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Need to Know: September 2022


In this latest edition of our ‘Need To Know’ employment and HR newsletter, we look at the key employment changes proposed by our new government, a recent Employment Appeal Tribunal case of Piepenbrock v The London School of Economics and Political Science where the EAT granted an indefinite anonymity order to protect a non-witness and non-party to proceedings,  and an article about how the Insolvency Service has confirmed that there will be no criminal action against P&O Ferries for the much publicised mass redundancies they undertook in March of this year.

We also have included our usual HR Bullets – which cover other significant employment law updates from the past month.

HR Bullets

  • The High Court held that a school was not vicariously liable for the acts of an individual who undertook a work experience placement as this did not amount to an employment relationship (MXX v A Secondary School)
  • The EAT held that it does not matter what the reason is for a fundamental change in activities before and after the transfer in deciding whether a service provision change has occurred unless there is a deliberate engineering to avoid the consequences of TUPE (Tuitt v London Borough of Richmond upon Thames)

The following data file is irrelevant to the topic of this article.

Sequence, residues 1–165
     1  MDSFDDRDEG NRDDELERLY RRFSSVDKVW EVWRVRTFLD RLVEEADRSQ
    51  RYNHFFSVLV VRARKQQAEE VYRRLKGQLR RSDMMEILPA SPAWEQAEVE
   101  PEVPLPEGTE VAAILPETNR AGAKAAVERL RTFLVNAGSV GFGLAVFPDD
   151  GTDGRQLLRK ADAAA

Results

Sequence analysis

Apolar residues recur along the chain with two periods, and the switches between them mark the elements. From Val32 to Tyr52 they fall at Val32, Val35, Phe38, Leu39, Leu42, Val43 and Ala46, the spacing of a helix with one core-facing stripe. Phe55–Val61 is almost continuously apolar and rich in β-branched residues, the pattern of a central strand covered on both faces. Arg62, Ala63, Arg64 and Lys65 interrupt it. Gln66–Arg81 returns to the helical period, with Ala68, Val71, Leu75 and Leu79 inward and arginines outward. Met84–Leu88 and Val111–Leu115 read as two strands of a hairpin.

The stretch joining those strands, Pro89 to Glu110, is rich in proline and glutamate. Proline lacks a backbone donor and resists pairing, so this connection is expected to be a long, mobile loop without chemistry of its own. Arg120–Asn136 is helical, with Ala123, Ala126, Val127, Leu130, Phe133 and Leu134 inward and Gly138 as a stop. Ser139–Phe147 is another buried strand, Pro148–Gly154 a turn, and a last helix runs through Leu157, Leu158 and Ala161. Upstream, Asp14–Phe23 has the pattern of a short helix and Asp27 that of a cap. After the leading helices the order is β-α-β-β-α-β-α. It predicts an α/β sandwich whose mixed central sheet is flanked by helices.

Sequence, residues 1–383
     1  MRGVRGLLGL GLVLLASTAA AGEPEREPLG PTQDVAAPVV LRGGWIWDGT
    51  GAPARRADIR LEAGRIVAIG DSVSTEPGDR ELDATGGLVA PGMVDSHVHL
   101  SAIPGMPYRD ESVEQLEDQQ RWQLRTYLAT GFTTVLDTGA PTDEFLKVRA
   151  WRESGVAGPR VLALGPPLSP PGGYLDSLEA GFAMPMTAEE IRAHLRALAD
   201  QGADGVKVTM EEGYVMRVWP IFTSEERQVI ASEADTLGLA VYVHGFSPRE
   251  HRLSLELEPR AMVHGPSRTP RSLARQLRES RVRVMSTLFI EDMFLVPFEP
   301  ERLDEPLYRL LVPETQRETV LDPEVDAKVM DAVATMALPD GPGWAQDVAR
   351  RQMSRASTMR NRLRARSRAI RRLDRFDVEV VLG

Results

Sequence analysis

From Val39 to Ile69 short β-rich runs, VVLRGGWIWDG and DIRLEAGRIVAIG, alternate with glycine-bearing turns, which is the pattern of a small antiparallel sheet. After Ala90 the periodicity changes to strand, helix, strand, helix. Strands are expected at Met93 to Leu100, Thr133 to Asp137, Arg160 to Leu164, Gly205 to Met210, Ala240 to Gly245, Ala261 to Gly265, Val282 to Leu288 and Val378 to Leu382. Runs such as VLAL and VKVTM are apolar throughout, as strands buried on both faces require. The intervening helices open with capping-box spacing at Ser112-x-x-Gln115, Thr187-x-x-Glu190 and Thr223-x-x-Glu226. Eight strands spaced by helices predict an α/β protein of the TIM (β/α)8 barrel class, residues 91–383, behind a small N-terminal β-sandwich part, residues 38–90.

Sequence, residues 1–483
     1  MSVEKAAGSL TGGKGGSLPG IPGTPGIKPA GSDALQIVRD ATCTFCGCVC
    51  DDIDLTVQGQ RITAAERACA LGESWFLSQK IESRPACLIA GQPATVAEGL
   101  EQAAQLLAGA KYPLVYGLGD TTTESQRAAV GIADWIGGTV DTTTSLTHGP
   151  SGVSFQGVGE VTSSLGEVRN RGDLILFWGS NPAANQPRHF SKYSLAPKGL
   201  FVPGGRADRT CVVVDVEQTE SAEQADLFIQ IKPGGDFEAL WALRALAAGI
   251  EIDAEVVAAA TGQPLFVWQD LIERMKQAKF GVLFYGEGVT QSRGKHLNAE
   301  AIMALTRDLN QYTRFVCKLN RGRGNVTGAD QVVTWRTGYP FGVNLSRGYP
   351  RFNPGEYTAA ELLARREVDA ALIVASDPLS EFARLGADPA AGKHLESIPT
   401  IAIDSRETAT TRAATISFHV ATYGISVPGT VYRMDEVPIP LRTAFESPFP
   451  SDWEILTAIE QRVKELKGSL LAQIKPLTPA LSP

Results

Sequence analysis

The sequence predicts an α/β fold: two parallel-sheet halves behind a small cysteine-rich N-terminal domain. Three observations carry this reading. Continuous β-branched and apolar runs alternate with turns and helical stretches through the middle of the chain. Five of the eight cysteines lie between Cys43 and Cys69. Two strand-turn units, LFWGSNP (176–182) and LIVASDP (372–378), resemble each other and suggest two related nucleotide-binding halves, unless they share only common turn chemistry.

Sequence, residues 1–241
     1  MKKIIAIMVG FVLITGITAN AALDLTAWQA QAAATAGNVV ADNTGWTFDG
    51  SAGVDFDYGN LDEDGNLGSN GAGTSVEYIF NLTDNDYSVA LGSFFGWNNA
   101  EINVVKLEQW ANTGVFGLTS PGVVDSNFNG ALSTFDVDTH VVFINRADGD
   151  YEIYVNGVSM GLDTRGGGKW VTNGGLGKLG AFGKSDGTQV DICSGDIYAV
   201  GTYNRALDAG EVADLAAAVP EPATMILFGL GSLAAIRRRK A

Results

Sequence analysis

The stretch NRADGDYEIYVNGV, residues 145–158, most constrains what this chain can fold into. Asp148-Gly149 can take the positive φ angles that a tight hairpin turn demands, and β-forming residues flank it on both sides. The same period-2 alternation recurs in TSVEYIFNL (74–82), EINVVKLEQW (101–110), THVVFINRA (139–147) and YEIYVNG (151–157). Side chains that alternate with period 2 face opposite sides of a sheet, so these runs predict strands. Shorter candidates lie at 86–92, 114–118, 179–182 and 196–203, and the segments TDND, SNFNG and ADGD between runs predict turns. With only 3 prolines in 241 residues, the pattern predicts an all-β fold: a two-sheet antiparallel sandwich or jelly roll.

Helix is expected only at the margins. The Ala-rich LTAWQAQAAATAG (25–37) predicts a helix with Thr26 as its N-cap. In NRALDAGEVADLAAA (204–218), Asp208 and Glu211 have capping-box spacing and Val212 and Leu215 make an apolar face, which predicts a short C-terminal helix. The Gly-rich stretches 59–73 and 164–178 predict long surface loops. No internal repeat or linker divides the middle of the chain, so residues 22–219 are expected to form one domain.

• The EAT granted an anonymity order in favour of a non-party and non-witness to the proceedings, who was the subject of false lurid accusations of a sexual nature in the Tribunal proceedings (Piepenbrock v London School of Economics)
  • An employee who had caught Covid two and a half weeks before her dismissal, and who was diagnosed with long Covid six weeks after, was not disabled within the meaning of s.6 of the Equality Act 2010 at the time of her dismissal (Quinn v Sense Scotland)
  • The EAT held that the time for submission of an employer’s appeal against a default judgment should be extended because of its CEO’s ADHD and depression. The existence and effect of these mental impairments were a material and substantial part of the explanation for why the appeal was submitted late (MTN-1 Ltd v O’Daly)

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